Rest in peace Donald Rumsfeld, who died today at age 88. He will be remembered most for two separate tenures as secretary of Defense, the last of which was particularly remarkable.
Plenty will rush to blame Rumsfeld for the shortcomings of the U.S. invasions of Afghanistan and Iraq, conducted respectively in 2001 and 2003 on his watch. I take a different view: that those extremely complex military missions were conducted magnificently and only later turned to disaster at the hands of establishment mediocrities other than Rumsfeld.
It’s important to think back to the terrifying days after the September 11, 2001 attacks on America. Everyone in the country was stunned at the sick horror inflicted on our country by the Islamists of Al Qaeda. No one had expected war and we looked for leadership. Rumsfeld had been confirmed earlier that year on the day George W. Bush became president and set out to make the military more agile. But less than 10 months later, we still had a military largely designed to fight the Cold War, impeded further by eight years of neglect and reductions under Bill Clinton.
And yet in less than a month, the Pentagon under Rumsfeld launched a comprehensive air campaign that was soon accompanied by light and agile ground forces. They partnered with local Afghans opposed to the Taliban, who had hosted Al Qaeda boss bin Laden.
Two months and one day after the 9/11 attacks, Kabul fell to allied forces—an unprecedented military accomplishment in world history considering its remoteness and the logistical difficulties involved. Al Qaeda never regained its ability to strike the United States.
Alas, Rumsfeld was just one voice among many in the senior ranks of the Bush administration. Along with his deputy, Paul Wolfowitz, Rumsfeld was far more inclined than others to perceive that the Free World was at war with a hostile ideology—call it Islamism, political Islam, or radical Islam—that animated opponents as diverse as Al Qaeda, the Muslim Brotherhood, and the Iranian regime. Others in the administration, especially Bush, his national security advisor Condoleezza Rice, and Secretary of State Colin Powell, were clueless and resorted to politically correct bromides: that “Islam is peace,” as Bush said, or that Iran could be a partner in our fight.
That last assumption would lead to disaster in Iraq. Whereas Iraqi dictator Saddam Hussein was just barely tolerable before 9/11, the fear that a subsequent attack on America could use weapons of mass destruction pushed the administration to invade and take out the dictator. There was also a charitable view of Iraqi culture—naively held by many including myself at the time—that it was ready for liberal democracy, which in turn would deflate the impetus for both Islamism and the fascist Baathist ideology used by Saddam.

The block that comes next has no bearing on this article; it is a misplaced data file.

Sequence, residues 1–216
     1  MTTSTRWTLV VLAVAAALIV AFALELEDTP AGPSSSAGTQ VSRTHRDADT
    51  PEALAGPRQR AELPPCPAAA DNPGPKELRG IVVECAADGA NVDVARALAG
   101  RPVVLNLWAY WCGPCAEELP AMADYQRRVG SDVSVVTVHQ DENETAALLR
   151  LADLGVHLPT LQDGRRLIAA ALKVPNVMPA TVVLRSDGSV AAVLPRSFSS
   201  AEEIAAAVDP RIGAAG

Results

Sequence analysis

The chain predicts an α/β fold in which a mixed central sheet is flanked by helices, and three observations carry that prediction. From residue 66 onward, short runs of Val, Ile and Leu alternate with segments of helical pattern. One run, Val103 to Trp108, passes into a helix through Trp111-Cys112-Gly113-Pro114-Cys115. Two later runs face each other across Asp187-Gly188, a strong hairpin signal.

Regardless, Rumsfeld’s Pentagon delivered a masterstroke of an invasion. Emphasizing “shock and awe” with unprecedented accuracy and speed, the U.S.-led coalition defeated the Iraqi military in just under a month.
From there, matters went downhill. It was never Rumsfeld’s idea to disband the Iraqi military or put a Foreign Service Officer, Paul “Jerry” Bremer, in charge of Iraq as de facto viceroy—a move that was part of Rice’s machinations from the White House, aided by Powell. Nor did Rumsfeld and his lieutenants pretend that Iran was anything other than a malevolent force in Iraq.
After it was clear that our intelligence bureaucracy had let down America for neither the first nor last time in wrongly asserting Saddam had weapons of mass destruction, Bush allowed the mission in Iraq to morph into democracy building. We still suffer the consequences of that decision today.
Perhaps there is utility in that our political system blames civilian leaders for our military misfortunes instead of our military leaders. This factor helped the military remain the sole institution in America that had broad public support until recently. But it also obscures historical reality, which in the case of Iraq and Afghanistan has involved nearly two decades of generals and defense intellectuals lying to the American public about progress against top national threats and the very nature of those threats.
Rumsfeld, in contrast, told it like he saw it. His press conferences were adored by the public and hated by much of the media. They were so popular that a jealous White House put an end to them. He foreshadowed a facet of Donald Trump in that he refused to allow the media to set the terms of the debate.
Hopefully, history will be fairer to Rumsfeld than those who demonize him to cover up their own incompetence. The job of Secretary of Defense is effectively an impossible one at which to succeed, but Rumsfeld had two good runs, including a first tenure after the collapse of the Nixon administration and as the military reeled from defeat in Vietnam. He was succeeded in his second stint by Bob Gates. Gates, in turn, has been followed by a long string of abysmal leaders who have left us with a 1930s-style posture of unreadiness to deter war with China, while bogging down our military with pointless commitments elsewhere. We could really use a Rumsfeld now to clear out the deadwood in the defense establishment.
Christian Whiton, a senior fellow at the Center for the National Interest, is the author of Smart Power: Between Diplomacy and War. He was a State Department senior advisor during the George W. Bush and Trump administrations.